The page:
When I got to the front, the postal employee asked me if I was “Sakura.” Uh-oh. Not wanting to explain, I said “Yes.” I’m not Asian, but then again, we don’t all look like our stereotypes. She brought me a dozen fat envelopes filled with postcards. My eyes filled up. It’s wonderful to know that people care enough to make art and share it.

Thanks to Marva in Colorado, Erica in New Jersey, and a group of anonymous card-makers with big hearts.

The photos here are just a quick collage of some of the cards. I’ve thanked some people before, but it’s time to thank all of you again. Cards came in singles, some came in envelopes. The youngest person to send a card was 6 years old. The oldest was well into her 80s. Some were anonymous. One package had the note, “We made a group of cards and added some money for postage.”

Thanks to Karen in Oregon, Lynn in Arizona and Priscilla in Massachusettes.

In the last months, I’ve had some low times. Wondering about war, the world, the people in it. To all of you who have sent a card, thank you so much. For your time. For your messages. For caring. I’ve shown the cards to friends and the reaction is universal: immediate soul-lifting. The joy in these small pieces of paper doesn’t wear out–they made me happy and they make everyone who sees them happy. That’s pretty amazing. Joy doesn’t get used up, it increases.

If you haven’t sent in your cards, you can read more about them here. Or, just make a card with a loving message for a child and send it to:

Sakura Children
P.O.Box 12183
Glendale, AZ 85318

More Mixed-Media Postcards

The last batch of mixed-media postcards were a good beginning. Having fixed the concept, I began to work on details. Still exploring, still making mistakes, but getting better at identifying them.

After making the pink/yellow/orange one:

I decided it needed more. I added quotes from Plutarch (“Nature and wisdom never are at strife”) and one from Toni Morrison (“If you surrender to the wind, you can ride it”) and one from J. Petit Senn (“Happiness is whwere we fine it, but rarely where we seek it.”) After that, I added design in gel pen and then framed it in copper tape. I think that was one step too far, but it was good practice in framing with copper tape, the kind stained glass artists use. I love the effect, even it was a little too much here. It can add a spark of color or a bit of steampunk, depending on the postcard.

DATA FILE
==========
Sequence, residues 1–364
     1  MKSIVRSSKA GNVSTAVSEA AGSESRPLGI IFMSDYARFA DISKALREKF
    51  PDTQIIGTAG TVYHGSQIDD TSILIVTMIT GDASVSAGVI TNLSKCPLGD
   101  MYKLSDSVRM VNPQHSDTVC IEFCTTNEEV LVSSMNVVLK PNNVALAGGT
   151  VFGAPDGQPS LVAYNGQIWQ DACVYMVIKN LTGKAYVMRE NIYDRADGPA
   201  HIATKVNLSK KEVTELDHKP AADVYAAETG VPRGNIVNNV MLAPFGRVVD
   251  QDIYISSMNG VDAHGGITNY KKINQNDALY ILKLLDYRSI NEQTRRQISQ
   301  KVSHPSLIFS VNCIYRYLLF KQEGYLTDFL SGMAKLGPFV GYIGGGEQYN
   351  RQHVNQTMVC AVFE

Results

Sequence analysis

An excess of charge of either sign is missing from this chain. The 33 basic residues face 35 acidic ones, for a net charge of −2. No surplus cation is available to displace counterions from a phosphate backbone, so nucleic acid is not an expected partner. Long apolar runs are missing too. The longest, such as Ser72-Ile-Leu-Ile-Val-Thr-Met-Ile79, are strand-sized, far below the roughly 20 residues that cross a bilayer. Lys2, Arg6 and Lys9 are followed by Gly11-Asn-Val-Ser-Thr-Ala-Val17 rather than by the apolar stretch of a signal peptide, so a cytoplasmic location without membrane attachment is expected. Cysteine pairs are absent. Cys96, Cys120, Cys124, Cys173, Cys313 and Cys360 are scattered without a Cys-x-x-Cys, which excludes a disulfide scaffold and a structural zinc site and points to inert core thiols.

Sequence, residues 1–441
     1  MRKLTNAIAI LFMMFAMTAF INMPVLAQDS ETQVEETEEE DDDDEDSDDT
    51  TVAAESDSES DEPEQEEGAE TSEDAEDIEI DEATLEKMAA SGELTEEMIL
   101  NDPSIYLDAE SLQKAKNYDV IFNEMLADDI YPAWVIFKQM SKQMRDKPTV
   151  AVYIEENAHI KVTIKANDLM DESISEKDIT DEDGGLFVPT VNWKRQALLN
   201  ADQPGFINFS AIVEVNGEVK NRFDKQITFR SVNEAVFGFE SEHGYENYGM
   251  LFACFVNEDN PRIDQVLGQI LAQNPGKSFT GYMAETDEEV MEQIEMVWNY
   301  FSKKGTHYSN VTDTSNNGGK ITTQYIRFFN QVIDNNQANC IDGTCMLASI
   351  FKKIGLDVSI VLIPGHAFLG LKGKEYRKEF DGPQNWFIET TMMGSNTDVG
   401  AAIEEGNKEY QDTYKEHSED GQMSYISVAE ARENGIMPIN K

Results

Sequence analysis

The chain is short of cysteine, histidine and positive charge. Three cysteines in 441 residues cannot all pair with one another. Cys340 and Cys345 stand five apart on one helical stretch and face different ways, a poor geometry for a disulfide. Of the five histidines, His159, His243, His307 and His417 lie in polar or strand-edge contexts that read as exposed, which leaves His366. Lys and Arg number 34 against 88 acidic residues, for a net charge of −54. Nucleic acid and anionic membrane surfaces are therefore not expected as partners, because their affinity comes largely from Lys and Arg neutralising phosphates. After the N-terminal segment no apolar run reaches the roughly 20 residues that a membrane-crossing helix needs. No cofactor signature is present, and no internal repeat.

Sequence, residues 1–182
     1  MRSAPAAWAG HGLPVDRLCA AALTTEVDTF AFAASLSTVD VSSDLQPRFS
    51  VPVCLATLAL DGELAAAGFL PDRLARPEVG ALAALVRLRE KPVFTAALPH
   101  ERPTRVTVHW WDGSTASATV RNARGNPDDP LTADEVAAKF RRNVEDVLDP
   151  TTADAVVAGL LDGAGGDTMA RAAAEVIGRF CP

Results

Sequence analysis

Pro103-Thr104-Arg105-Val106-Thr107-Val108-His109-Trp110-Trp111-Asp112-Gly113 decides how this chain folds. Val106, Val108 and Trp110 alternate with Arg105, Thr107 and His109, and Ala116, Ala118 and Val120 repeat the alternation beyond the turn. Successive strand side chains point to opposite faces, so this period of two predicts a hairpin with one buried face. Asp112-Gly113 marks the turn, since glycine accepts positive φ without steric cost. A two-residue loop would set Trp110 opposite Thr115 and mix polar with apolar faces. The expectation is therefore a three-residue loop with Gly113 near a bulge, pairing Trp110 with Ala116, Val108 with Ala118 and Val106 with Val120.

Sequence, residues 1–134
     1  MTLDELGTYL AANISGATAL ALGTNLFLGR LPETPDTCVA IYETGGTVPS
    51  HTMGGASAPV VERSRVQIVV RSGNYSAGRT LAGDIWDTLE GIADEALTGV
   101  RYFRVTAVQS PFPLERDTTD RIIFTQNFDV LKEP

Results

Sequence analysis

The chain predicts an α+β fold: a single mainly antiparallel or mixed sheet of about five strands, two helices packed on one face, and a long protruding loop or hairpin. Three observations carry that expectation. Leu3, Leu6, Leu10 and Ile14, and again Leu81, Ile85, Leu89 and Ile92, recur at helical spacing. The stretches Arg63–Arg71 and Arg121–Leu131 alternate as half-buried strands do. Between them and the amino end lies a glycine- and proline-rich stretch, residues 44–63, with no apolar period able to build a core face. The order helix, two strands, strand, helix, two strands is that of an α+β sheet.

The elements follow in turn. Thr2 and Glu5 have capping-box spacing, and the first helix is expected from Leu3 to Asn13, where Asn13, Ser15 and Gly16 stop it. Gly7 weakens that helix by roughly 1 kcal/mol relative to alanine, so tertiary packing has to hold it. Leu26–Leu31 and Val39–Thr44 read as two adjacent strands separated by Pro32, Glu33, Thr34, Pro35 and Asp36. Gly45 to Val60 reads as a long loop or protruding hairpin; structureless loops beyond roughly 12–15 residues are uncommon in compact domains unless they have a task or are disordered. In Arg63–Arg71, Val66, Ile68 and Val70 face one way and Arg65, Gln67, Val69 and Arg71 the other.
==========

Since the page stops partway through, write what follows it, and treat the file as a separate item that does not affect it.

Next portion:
Moving on to other unlikely materials,

this postcard is made on a tag base, uses book pages, black paper and cheesecloth. I love the effect. It’s not done yet, but so far, the stitching works well. Thanks, Rosaland of Soulful Creating,  for telling me about stitching over the edge.

I had some handmade paper with flower inclusions left from paper-making days,

so that became grist for the mill. Derwent Inktense pencils for the circles, and washi tape for the edging. I’m starting to pay attention to the finishing details now. In fact, the other side of this card is a different paper,

and uses a different tape for finishing. All of these cards will eventually have writing on the back that relates to the front. And my rule is that they must all be sent to make them real postcards.

I had some embossed foil in plain silver. Using Copic markers (alcohol markers) I colored the floral embossing, attached the foil to a card-stock backing with fusible webbing, and added a copper foil edge.

The edge doesn’t photograph well, (there are no black marks along the top, I think it’s a ceiling fan reflection) but it looks appropriate. It’s difficult to get right, as I have a well-known inability to get things perfect straight. I’m not sure all four sides need to be exactly even, but edging the postcards is almost always a must, so I will also try edging them in marker and bias tape.